New Israeli Bill Would Have Left-wing NGOs Pay for Info From State

Proposed law would affect nonprofits that get over 50% of their funding from foreign governments and submit requests under Freedom of Information Act.

Israeli lawmakers attending a vote on a bill at the Knesset, February 6, 2017.
AMMAR AWAD/REUTERS

In yet another attempt to make life harder for left-wing nongovernmental organizations, a proposed new law would require them to pay to obtain information from government agencies under the Freedom of Information Act.

Currently, all NGOs are exempt from paying a fee for information obtained under this act. However, the new bill seeks not only to revoke this exemption for organizations that get more than 50 percent of their funding from foreign governments, but would require them to pay double the normal fee.

Almost all the NGOs that meet this criterion are left-wing, since they are the ones that foreign governments generally choose to finance.

“The Israeli taxpayer shouldn’t have to bear the costs of providing information to hostile players financed by the European Union and foreign governments,” said the bill’s sponsor, MK Shuli Moalem-Refaeli (Habayit Hayehudi).

She argued that the Freedom of Information Act exempted NGOs from paying the fee, based on the assumption “that they use this information for the good of the public. But radical left-wing organizations use this information to harm Israel.”

Matan Peleg, CEO of the far-right Im Tirtzu organization that lobbied Moalem-Refaeli to propose the bill, stressed that the legislation would not bar foreign-funded NGOs from obtaining information from government agencies, but would merely make them pay for the privilege.

“Anyone who acts in the service of foreign governments, to the tune of millions of shekels every year, doesn’t also need the Israeli taxpayer to fund it,” he said. “If they want it, they should pay – and a lot. There’s no logic in allowing organizations that act as foreign agents in every respect to wear down the establishment for free, which comes at the expense of the ordinary citizen. We must end the system of ‘the state financing its enemies.’”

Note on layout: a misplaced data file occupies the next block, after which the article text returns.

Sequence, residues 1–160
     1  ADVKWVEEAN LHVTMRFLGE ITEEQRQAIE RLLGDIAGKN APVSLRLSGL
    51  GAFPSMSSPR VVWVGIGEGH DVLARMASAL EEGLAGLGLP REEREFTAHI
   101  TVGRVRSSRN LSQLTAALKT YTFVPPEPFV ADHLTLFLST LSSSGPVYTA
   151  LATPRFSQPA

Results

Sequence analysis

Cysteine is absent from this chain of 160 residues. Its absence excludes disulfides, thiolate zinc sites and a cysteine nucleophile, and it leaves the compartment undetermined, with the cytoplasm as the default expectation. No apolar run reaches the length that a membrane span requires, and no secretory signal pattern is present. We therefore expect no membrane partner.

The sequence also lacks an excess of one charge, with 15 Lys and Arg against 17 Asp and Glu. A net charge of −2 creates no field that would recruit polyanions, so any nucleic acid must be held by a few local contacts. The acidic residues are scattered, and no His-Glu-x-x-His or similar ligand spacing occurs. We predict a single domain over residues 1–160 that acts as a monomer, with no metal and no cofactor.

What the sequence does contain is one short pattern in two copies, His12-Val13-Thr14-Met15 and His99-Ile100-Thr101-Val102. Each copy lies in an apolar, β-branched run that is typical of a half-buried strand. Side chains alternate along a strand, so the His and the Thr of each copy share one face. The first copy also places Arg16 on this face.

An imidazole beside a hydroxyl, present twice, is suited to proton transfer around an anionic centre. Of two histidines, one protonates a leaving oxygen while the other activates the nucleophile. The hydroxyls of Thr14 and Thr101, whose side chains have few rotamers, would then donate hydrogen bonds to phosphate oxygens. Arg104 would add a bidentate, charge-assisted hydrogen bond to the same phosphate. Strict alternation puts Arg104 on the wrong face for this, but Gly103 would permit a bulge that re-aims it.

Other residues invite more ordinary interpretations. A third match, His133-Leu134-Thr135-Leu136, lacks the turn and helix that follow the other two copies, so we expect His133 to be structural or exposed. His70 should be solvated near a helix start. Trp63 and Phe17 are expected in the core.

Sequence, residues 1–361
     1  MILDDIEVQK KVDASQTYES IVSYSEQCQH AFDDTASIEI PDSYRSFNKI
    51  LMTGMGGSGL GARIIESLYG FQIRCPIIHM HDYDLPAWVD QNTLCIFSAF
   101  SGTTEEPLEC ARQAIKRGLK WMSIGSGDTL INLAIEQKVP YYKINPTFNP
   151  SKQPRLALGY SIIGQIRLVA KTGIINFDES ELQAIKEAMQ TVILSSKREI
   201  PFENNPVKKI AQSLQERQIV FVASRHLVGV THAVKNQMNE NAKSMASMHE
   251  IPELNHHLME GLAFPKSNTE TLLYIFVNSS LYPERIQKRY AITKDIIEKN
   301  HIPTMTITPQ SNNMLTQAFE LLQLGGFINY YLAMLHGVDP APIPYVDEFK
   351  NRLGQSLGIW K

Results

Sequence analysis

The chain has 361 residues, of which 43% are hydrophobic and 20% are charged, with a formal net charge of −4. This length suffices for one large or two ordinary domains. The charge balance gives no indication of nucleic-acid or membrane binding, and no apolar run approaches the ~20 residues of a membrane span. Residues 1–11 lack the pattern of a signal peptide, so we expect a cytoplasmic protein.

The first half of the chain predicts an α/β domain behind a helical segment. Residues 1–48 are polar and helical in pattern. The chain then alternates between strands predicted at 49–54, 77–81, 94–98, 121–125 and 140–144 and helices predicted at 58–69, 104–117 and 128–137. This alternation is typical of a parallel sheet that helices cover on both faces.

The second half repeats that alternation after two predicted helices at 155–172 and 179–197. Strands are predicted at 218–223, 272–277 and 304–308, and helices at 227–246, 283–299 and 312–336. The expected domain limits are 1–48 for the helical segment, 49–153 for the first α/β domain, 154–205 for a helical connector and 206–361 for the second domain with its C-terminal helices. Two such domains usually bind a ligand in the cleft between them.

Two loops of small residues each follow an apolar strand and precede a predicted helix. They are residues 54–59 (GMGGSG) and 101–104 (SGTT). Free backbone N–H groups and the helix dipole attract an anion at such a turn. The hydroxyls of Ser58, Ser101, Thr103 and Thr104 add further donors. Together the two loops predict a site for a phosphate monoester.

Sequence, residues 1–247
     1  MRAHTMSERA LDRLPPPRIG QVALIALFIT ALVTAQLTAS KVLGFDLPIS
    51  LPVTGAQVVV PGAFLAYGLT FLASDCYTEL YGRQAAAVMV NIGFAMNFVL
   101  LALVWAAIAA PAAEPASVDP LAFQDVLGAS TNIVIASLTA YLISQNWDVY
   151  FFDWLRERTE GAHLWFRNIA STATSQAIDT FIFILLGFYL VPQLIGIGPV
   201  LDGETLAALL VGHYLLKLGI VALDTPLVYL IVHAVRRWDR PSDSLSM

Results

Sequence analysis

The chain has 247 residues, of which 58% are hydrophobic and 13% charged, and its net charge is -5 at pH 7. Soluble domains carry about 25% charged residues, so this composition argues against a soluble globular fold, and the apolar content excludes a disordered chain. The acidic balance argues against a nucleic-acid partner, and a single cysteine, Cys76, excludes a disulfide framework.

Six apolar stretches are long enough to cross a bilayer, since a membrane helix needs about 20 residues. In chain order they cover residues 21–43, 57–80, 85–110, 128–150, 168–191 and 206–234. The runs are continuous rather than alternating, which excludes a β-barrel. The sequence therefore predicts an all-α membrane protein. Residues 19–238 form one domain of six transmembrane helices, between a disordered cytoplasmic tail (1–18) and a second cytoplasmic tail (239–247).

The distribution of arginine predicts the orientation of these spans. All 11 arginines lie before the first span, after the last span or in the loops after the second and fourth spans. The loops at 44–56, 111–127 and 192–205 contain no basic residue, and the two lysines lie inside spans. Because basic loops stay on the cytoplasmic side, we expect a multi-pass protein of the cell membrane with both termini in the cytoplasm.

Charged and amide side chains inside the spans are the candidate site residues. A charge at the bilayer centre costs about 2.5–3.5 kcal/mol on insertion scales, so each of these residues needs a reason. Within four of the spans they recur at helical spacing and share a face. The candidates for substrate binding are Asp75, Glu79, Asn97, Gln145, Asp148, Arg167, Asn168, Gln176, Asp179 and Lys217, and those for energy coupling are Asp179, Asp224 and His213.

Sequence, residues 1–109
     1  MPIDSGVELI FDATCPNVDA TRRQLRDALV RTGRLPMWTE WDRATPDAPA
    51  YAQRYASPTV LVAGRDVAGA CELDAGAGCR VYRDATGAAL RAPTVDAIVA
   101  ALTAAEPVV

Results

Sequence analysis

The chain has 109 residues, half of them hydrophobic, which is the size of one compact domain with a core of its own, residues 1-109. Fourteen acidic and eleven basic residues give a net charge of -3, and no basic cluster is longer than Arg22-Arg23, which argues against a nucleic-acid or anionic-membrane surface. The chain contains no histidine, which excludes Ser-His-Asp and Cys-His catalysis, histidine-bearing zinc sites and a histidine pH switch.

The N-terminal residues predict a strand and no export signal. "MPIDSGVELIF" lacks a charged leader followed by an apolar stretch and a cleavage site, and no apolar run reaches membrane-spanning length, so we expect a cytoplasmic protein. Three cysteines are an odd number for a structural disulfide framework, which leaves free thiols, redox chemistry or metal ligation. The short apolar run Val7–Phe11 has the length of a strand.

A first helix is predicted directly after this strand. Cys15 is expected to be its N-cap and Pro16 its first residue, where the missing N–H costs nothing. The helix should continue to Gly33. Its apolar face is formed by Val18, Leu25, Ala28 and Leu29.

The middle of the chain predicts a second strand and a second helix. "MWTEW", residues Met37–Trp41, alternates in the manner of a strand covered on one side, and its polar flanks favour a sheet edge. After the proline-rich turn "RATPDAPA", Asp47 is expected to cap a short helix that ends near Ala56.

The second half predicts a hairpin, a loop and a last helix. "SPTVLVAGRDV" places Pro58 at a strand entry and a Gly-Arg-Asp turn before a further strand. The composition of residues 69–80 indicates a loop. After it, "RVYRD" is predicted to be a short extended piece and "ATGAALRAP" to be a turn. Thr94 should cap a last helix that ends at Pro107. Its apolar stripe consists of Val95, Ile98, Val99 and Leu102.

The current fee for obtaining information under the Freedom of Information Act comes to just 20 shekels ($5.40). Nevertheless, a source involved in drafting the bill said that even this nominal sum would add up to a financial burden for the NGOs, since “some file dozens of requests per year.” He cited Hamoked – the Center for the Defense of the Individual and Gisha – the Legal Center for Freedom of Movement as the two left-wing groups that filed the most freedom of information requests last year.

Last July, the Knesset passed legislation requiring any organization that gets a majority of its funding from foreign governments to declare this in all its official publications. At the time, the Registrar of Nonprofit Organizations said the law would apply to 27 NGOs, of which 25 were identified with the left and none with the right.

Two weeks ago, MK Oded Forer (Yisrael Beiteinu) submitted a bill that would require any NGO that receives more than 50 percent of its funding from foreign governments to state as much in all court filings, too. In addition, the NGO would have to submit its financing agreements with the foreign governments to the court, together with its brief, and the case file would then be sent to the Foreign Ministry for an opinion on whether the case could affect Israel’s foreign relations.